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Nearly a decade after first dedicating resources to the
development of strategic meetings management educational programs and tools,
the Global Business Travel Association recently introduced a guide to assist
buyers in developing requests for information and proposals for vendors that
provide SMM services.
Developed by the association's GBTA Foundation research and
development arm, the guide builds on previous GBTA products—notably its
Strategic Meetings Management Maturity Model. It is designed to apply to
relationships with any supplier that could be involved in a SMM program, be
that a single provider for all SMM services or individual travel and meetings
management companies, technology firms and payment vendors.
Unlike the electronic template that GBTA offers for hotel
RFPs, for example, the SMM guide is not a fill-in-the-blanks form ready to be
shipped to suppliers (although it might evolve into such a document); rather,
it is designed to allow buyers to create their own. It also is not designed for
typical single-event meeting planning.
Instead, the 27-page guide, which is free to members and
available on GBTA's website, recommends questions to ask the third parties that
buyers may include during development of a strategic meetings management
program, including those that could assist in such areas as meetings policy
development, data analysis, attendee registration, sourcing and expense
First, though, GBTA recommends meetings professionals use
its Strategic Meetings Management Maturity Model, an online tool made available
in 2011 that measures and analyzes corporate SMM program development and
implementation by asking users about corporate policy, sourcing and technology
implementation, then recommending further steps.
The RFP guide is "a natural next step," said GBTA
Foundation vice president of research Joe Bates, noting that "50 percent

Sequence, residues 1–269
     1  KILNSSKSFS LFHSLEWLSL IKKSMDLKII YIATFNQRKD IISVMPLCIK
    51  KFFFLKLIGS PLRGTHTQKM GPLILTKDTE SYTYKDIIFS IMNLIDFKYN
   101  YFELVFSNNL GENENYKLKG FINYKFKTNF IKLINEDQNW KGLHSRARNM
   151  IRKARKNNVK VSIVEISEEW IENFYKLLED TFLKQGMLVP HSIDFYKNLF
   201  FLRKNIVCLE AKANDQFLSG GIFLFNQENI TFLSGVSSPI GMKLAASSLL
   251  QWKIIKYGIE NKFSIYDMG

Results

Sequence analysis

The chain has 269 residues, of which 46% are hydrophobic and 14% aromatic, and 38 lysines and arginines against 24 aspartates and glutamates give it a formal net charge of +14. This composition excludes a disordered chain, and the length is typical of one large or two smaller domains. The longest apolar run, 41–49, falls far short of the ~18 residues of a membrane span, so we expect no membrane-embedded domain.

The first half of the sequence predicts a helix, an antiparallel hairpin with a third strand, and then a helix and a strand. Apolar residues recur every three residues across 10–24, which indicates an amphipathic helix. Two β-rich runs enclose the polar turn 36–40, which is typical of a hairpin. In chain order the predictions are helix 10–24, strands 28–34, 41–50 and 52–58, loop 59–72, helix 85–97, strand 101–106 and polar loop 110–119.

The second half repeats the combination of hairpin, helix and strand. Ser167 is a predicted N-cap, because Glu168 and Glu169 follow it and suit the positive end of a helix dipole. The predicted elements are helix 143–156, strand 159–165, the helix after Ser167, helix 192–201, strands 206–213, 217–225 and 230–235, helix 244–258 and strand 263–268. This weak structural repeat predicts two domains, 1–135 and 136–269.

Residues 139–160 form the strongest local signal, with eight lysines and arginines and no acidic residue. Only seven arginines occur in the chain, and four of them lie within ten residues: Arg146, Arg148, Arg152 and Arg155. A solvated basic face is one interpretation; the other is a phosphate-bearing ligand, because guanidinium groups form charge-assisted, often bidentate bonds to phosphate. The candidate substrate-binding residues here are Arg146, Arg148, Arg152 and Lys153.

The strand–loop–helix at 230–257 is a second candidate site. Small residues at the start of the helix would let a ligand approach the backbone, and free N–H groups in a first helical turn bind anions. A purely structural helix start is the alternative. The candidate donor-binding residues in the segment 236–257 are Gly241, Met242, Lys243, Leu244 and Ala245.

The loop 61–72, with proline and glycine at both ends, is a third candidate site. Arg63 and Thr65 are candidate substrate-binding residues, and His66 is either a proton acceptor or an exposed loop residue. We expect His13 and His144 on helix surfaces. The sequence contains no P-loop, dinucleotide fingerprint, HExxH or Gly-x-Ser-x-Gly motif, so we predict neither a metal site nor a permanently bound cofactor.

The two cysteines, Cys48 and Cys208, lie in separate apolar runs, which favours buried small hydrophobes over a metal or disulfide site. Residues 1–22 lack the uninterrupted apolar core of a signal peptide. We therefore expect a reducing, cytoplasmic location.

or more" of GBTA's travel manager members have responsibility for meetings
management. "Once we enabled companies to understand where they fall on
the model and help them get started in creating a program, if they hadn't
already started, we needed to provide them with a document that could help them
in finding a vendor that could institute a program for them, if they needed it."
The guide includes nine categories for which buyers issuing
an RFI or RFP should provide information about their programs and ask vendors
about their offerings: an overview of the buyer's organization and
requirements, meeting registration, meeting approval, sourcing, planning and
execution, payment and expense reconciliation, data analysis and reporting,
technology and administration.
"We were trying to make this apply to anyone who might
touch the SMM market," Bates said. "We took two perspectives: What's
the need from the buyer side and what's the need from the supplier side? The
buyers said, 'We don't have examples.' We couldn't find examples of RFPs put
out by anyone. On the supplier side, they were telling us, 'Buyers are coming
to us and they have no idea where to start. They don't even understand what SMM
is.' That's why we have a page in this guide that says, 'If you haven't taken
the maturity model, do that first.'
"We started out wanting to create actual questions that
you could use and provide to potential suppliers, just as we've done with the
hotel RFP," Bates continued. "As we got into this process, we
realized that nobody really had a set of questions or best practices already in
place, and we felt that, at this point in time, it was much better to provide
what we called a guide as opposed to an actual RFP template." He suggested
the foundation could develop such a document in the future, "as people's
maturity in this area increases and as suppliers get more experience as well."
According to the association, the guide was developed by a
GBTA task force that included buyers from such companies as Accenture, Cisco
Systems, GlaxoSmithKline, Hewlett-Packard and Key Bank, as well as suppliers
including American Express Meetings and Events, BCD Meetings & Incentives,
Maritz Travel's Experient and Active Network's StarCite. Development began in
October 2011 and included several task force meetings, focus groups and online
"Ideally," Bates said, "we would want to
update this type of document every two to three years."
originally appeared in the February 2013 issue of Travel Procurement.
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